Aaron Sibarium of the Washington Free Beacon reports on an interesting choice for a Harvard leadership role.

Harvard University on Monday tapped an ex-McKinsey consultant who has criticized meritocracy and published controversial research on the benefits of diversity in business to help select the university’s next president.

Vivian Hunt, who in 2015 co-authored McKinsey’s influential paper, “Why diversity matters,” has been appointed to lead the Harvard Board of Overseers, the head of which has historically sat on Harvard’s presidential search committees along with all 12 members of the Harvard Corporation, the university’s top governing body, according to the Harvard Crimson. The overseers can also veto presidential appointments with a majority vote.

The system means that Hunt—who has argued that meritocracy “isn’t good enough” and urged companies to adopt explicit diversity targets—will likely play a major role in picking former Harvard president Claudine Gay’s successor. Her appointment comes amid plummeting donations and a major drop in applications to the Ivy League school, which has been at the center of a debate about diversity, equity, and inclusion programs in higher education.

Critics of those programs say Hunt’s selection is a red flag as Harvard gears up to find a permanent replacement for Gay—a major champion of DEI—who resigned in January amid allegations of plagiarism.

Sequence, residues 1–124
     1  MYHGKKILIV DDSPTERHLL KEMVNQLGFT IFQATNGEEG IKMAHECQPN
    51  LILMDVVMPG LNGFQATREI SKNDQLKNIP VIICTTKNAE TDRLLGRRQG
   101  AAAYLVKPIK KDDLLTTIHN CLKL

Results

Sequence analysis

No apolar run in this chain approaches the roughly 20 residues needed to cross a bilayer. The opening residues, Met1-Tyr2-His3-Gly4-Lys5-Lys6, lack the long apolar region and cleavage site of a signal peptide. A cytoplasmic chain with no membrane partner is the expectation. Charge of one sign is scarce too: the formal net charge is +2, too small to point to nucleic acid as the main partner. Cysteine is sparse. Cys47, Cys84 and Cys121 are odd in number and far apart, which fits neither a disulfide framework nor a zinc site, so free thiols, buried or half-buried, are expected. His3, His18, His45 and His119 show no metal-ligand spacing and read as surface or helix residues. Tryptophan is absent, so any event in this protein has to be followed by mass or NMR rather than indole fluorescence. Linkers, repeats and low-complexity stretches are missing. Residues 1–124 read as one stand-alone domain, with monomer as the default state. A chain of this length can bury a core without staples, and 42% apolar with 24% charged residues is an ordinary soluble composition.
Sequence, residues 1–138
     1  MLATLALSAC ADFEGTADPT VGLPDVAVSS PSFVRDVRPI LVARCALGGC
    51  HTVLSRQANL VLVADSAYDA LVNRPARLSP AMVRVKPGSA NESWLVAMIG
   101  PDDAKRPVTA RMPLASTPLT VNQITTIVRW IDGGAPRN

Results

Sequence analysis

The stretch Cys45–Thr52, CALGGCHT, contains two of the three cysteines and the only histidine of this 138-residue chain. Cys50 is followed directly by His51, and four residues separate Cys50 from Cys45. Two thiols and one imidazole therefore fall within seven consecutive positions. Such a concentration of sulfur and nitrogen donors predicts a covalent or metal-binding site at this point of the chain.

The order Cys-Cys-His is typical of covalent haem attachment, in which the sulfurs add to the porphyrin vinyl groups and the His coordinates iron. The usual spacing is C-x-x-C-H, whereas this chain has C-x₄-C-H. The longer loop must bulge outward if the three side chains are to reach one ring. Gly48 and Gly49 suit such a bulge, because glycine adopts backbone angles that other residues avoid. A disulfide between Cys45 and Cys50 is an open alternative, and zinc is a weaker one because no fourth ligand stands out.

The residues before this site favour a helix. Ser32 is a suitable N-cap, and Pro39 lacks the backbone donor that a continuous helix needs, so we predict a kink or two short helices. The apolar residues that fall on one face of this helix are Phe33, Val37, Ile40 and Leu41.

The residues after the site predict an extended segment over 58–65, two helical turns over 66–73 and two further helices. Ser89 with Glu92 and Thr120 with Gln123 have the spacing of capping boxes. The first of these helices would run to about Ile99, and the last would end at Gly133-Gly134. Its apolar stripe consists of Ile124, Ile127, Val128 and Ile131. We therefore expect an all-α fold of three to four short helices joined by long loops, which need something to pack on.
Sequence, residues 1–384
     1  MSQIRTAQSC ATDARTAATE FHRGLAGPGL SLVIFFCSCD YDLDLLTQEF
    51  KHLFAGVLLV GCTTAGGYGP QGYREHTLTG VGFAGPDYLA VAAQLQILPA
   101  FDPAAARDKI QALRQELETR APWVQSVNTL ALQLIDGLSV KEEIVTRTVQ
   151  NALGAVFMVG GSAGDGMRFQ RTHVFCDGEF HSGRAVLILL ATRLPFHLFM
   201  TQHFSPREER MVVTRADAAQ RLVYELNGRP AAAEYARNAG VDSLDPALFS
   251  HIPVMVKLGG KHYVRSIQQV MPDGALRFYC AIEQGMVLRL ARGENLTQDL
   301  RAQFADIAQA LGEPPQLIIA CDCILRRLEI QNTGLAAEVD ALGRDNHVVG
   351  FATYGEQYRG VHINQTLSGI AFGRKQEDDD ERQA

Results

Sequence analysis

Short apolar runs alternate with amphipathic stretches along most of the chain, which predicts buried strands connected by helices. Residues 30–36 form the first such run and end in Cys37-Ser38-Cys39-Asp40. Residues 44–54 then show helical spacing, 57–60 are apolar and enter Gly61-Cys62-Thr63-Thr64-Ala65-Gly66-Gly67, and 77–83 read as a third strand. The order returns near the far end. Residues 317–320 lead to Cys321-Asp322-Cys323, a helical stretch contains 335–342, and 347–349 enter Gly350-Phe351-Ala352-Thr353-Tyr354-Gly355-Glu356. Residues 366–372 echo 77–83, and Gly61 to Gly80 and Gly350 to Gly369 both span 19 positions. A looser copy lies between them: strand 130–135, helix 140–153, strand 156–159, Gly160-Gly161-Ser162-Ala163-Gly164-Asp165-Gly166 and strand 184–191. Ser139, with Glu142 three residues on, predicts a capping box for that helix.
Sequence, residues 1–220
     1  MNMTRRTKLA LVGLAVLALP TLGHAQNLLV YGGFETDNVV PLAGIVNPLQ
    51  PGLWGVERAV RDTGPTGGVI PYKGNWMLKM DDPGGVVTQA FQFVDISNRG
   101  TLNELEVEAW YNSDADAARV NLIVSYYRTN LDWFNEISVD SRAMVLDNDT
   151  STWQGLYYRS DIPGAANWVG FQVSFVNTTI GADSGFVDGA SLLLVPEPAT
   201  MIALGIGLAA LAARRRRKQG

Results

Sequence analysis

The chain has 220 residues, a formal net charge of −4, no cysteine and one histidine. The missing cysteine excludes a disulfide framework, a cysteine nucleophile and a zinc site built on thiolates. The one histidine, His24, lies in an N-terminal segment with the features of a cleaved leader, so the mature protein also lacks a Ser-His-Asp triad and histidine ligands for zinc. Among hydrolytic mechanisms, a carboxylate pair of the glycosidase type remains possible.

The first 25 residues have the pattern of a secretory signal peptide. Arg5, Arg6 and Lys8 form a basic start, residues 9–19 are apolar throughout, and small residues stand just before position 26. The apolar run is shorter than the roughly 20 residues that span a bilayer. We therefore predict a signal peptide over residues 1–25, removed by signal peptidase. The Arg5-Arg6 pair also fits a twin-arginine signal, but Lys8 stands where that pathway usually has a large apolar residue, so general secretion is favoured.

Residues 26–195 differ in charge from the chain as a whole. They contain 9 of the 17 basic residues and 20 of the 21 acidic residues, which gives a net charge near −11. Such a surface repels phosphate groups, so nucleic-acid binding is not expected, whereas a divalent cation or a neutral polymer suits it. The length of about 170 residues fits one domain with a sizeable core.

“Vivian Hunt leading the search for the next president of Harvard perfectly encapsulates the rot in higher education and corporate America,” said Will Hild, the executive director of Consumers’ Research, a nonprofit that has led a campaign against ESG initiatives, including diversity programs, in the business world. “If Harvard was serious about rebuilding their floundering reputation, Hunt would be the last person chosen to lead this search.”

Hunt has been a driving force behind the proliferation of DEI initiatives. Her 2015 paper has been cited by countless companies and institutions, including the Pentagon, to justify their diversity programs, even as more recent research has challenged her findings.